Funding opportunities

The consequences of chromosome imbalance: using a trisomic human embryonic stem cell line to determine the primary defects in individuals trisomic for chromosome 13 (Patau syndrome)

Funding Type: 
SEED Grant
Grant Number: 
Funds requested: 
$500 000
Funding Recommendations: 
Not recommended
Grant approved: 
Public Abstract: 
Over 50% of all human conceptions have too much or little genetic material, often due to the gain or loss of entire chromosomes. The majority of these are spontaneously aborted, but a significant fraction develop to term. Perhaps the most well known is trisomy 21, Downs syndrome, in which the individual bears three rather than the normal two copies of chromosome 21. Aneuploidy results in severe developmental abnormalities including mental retardation and severe physiological abnormalities. In spite of its frequency and biomedical relevance, we known little about the primary causes of the developmental defects associated with aneuploidy. Unlike Mendelian inherited disease genes, aneuploidy is not due to disruptions in gene sequence rather it is due to changes in gene copy number. Until recently, we did not have the tools to determine the primary molecular defects in aneuplid individuals and studies necessary focused on secondary defects. However the development of human embryonic stem cells and more specifically the isolation of a human embryonic stem cell line containing three rather than the normal two copies of chromosome 13 now enables us to explore the primary defects associated with human aneuploidy. In this proposal we plan to use newly developed methods to explore global patterns of gene expression in normal and trisomic lines. In is our hope that these will provide a glimpse of the initial defects associated with human aneuploidy. If the primary defects are due to the misexpression of only one or two genes, this would offer the possibility of developing theurapetic drugs to compensate for the mis-expressed gene(s). In addition, we propose to explore strategies for rapidly establishing normal cell lines from the trisomic human embryonic stem cell line as a first step toward cell replacement therapy. .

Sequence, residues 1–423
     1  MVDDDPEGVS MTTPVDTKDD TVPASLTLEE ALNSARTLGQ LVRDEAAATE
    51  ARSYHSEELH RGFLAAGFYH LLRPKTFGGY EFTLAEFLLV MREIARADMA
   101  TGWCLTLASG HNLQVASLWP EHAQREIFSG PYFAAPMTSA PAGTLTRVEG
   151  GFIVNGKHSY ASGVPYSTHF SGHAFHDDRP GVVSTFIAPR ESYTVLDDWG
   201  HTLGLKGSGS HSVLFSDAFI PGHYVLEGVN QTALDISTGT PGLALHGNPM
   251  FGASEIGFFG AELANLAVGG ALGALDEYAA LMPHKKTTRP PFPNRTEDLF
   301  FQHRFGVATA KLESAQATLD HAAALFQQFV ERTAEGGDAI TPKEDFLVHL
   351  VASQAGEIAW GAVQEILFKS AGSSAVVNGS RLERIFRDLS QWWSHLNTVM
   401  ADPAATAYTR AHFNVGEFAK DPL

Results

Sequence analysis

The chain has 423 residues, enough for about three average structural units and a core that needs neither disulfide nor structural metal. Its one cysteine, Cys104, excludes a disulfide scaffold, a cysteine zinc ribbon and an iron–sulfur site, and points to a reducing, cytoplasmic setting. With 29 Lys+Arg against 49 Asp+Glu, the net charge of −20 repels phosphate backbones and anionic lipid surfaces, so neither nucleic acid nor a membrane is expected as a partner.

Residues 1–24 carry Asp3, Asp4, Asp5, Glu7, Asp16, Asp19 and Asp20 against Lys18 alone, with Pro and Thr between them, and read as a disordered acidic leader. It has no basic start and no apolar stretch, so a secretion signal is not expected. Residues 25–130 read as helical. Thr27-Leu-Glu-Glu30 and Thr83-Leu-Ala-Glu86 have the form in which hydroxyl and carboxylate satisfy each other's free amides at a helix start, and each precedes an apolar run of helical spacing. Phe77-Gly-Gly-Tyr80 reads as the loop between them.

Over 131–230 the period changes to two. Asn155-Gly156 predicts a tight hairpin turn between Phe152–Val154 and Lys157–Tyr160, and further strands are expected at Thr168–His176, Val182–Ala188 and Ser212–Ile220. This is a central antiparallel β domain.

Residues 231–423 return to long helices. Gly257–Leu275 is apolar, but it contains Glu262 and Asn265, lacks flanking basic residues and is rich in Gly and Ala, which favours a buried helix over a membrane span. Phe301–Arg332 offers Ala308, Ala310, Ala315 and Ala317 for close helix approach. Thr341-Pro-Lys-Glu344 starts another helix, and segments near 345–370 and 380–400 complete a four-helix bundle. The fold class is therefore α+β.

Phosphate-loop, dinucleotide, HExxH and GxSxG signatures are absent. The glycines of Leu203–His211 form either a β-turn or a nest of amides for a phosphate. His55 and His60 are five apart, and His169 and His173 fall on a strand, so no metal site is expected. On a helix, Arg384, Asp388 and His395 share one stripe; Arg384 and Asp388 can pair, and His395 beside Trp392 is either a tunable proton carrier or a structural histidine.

Statement of Benefit to California: 
This grant focuses on the primary molecular and cellular defects associated with trisomy 13, also known as Patau syndrome. Approximately 1 in 8,000 live births are trisomic for chromosome 13. Trisomy 13 together with trisomy 18 and 21 account for about 2 of every 1,000 live births and therefore classify as rare diseases. Approximately 25 million Americans (and between 2 and 3 million Californians) suffer from over 6,000 rare diseases for which there is no financial incentive for companies to develop drugs. In response, congress enacted the very successful Orphan drug act that has resulted in an over tenfold increase in the number of drugs targeting rare diseases. More recently, congress enacted The Rare Diseases Act of 2002 in order to produce NIH-sponsored centers of excellence for research on rare diseases. Three of these centers are in California(UCSF, UCLA, UCSD). Due to the severe restrictions on federally funded research with human embryonic stem cells, to my knowledge there is no institutional backing for the application of hESC technologies toward the study and treatment of rare diseases. Funding the project proposed in this grant would be the first step towards laying the groundwork for a general strategy for CIRM to apply their resources toward helping the millions of Californians afflicted by rare diseases.
Review Summary: